What I am getting at is this: from last January twentieth, we have consulted together every day--the Secretary of State, the Secretary of Defense, the Secretary of the Treasury, the Director of the Budget Bureau, the head of the new Department, Mrs. Hobby. All of us have sat together and tried to work out what is the position from which America should approach the rest of the world--both our friends, those who are not so friendly. How do we want to express ourselves, to ourselves; and how do we want to express ourselves to others. That has been the preoccupation of all of us.

Possibly it has been the most important subject that has been discussed day by day, and on which each of us has tried to contribute his bit. No matter what we are thinking about doing with our government, no matter what we are thinking in the ways of reducing expenditures and costs, of reducing taxes eventually, all of those problems are overshadowed by, and indeed greatly influenced by, our position in the world.

Moreover, in that subject is such an immediate and critical problem as the Korean war, a war bringing sorrow still, in this day and time, to thousands of American homes. Quite naturally, therefore, it is essential that we have a whole program of standing before the world--an America strong and unafraid, but nevertheless conciliatory and friendly, and firm in this one belief: that all people want peace.

This is opposed only by misguided governments, governments that believe that only when they are surrounded by enemies may they keep their positions of power, or governments who because of their lack of understanding believe that every other government shares their own thirst for power.

What we are trying to do is to show that America wants nothing from anyone else except the decency, the respect, the consideration that America herself is ready to accord to every other nation in full measure.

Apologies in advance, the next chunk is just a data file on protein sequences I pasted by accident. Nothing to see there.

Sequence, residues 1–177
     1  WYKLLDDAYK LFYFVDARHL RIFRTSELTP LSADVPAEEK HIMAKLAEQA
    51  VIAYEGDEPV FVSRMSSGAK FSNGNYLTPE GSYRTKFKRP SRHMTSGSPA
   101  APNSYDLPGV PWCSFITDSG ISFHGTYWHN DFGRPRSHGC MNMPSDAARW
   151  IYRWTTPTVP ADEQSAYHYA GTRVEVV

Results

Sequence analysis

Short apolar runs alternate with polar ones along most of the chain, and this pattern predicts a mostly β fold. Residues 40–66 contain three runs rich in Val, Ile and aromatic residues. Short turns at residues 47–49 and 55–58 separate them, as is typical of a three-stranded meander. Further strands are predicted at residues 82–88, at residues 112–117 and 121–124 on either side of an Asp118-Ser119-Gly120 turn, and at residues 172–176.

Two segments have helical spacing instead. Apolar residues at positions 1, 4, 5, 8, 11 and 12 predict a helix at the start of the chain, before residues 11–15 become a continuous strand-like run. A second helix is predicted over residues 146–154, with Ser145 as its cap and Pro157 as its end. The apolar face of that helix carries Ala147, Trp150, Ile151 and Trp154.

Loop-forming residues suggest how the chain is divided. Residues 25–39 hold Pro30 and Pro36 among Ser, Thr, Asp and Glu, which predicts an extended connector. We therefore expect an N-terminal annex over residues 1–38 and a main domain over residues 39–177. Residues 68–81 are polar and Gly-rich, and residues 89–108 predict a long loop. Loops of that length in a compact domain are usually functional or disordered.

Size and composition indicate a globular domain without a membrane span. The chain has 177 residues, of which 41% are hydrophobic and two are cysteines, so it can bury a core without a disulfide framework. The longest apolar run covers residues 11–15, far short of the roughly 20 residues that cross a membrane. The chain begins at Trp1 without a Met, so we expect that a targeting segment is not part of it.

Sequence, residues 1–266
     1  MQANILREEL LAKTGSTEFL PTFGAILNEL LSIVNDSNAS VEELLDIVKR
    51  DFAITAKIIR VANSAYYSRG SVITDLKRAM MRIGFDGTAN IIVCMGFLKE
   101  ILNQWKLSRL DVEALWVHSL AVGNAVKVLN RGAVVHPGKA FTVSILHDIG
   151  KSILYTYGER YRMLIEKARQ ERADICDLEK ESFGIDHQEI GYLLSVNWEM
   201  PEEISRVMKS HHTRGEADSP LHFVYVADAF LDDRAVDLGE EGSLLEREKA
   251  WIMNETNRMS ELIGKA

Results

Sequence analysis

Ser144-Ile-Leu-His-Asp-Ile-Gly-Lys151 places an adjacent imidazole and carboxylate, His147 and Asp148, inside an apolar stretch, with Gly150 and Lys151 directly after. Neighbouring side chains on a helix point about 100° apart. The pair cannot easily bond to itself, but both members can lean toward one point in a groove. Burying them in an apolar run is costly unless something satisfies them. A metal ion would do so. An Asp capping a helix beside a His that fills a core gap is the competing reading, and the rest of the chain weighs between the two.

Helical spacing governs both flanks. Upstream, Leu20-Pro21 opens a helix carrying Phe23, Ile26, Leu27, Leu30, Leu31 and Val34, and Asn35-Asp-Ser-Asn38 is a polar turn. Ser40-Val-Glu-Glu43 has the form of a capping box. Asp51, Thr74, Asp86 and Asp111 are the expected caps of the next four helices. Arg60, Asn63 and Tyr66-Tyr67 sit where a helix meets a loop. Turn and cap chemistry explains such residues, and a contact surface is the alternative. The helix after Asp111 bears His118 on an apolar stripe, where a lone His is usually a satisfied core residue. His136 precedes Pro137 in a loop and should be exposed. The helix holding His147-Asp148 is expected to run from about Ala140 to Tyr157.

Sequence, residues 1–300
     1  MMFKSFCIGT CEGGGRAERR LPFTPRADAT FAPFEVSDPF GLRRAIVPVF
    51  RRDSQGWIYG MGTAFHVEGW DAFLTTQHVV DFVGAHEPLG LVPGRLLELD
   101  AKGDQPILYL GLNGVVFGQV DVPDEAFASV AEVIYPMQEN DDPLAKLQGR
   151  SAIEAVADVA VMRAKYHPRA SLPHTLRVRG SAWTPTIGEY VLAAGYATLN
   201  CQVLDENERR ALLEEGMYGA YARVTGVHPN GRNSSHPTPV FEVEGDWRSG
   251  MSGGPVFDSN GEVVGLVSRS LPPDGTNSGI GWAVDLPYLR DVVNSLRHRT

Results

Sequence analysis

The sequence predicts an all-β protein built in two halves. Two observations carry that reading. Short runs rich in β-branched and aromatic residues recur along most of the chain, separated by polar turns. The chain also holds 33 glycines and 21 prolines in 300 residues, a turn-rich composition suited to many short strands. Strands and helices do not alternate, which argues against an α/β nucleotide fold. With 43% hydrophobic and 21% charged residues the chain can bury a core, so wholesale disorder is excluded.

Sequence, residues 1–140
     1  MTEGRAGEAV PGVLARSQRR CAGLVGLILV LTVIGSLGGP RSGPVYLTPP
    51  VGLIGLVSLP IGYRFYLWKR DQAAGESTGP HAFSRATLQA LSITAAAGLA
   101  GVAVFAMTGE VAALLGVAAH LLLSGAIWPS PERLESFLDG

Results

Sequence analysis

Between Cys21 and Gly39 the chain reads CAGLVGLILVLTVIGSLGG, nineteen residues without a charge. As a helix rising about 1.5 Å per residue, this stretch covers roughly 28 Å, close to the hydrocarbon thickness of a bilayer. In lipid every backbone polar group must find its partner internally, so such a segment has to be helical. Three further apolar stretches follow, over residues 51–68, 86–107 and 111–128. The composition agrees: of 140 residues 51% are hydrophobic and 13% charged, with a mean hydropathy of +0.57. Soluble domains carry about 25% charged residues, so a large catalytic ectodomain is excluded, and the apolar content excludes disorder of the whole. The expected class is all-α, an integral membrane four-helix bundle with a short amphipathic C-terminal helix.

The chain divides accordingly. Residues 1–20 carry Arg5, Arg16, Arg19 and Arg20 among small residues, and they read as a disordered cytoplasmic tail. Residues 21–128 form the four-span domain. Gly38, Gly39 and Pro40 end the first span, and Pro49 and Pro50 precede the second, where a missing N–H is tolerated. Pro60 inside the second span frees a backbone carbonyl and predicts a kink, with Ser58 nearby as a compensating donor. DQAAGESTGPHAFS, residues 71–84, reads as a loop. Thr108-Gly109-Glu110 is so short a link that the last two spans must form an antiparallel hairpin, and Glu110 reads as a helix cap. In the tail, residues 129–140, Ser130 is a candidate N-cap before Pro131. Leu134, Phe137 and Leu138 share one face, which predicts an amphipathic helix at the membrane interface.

The one thing to say about all these problems is that no miraculous overnight accomplishment can be expected. These things affect not only all of our 158 million people; they affect the whole world--two and a half billions. Consequently, what happens is that trends must be set up, doctrines must be officially instilled, truth must be held up patiently before the world, until all of us understand that decency and justice are words that are still important to all humans and that greed and power, military strength, are after all only transitory, and cannot prevail over the spirit of man.

It is in these terms, ladies, and in this kind of incessant, endless work that your administration--the one that you sent here--is trying to discharge its responsibilities and to fulfill the promises made not only to you but to all the American people of all political parties.

Thank you very much.

Note: The President spoke at the Statler Hotel in Washington.

Dwight D. Eisenhower, Remarks at the Luncheon of the Republican Women's Spring Conference. Online by Gerhard Peters and John T. Woolley, The American Presidency Project https://www.presidency.ucsb.edu/node/231674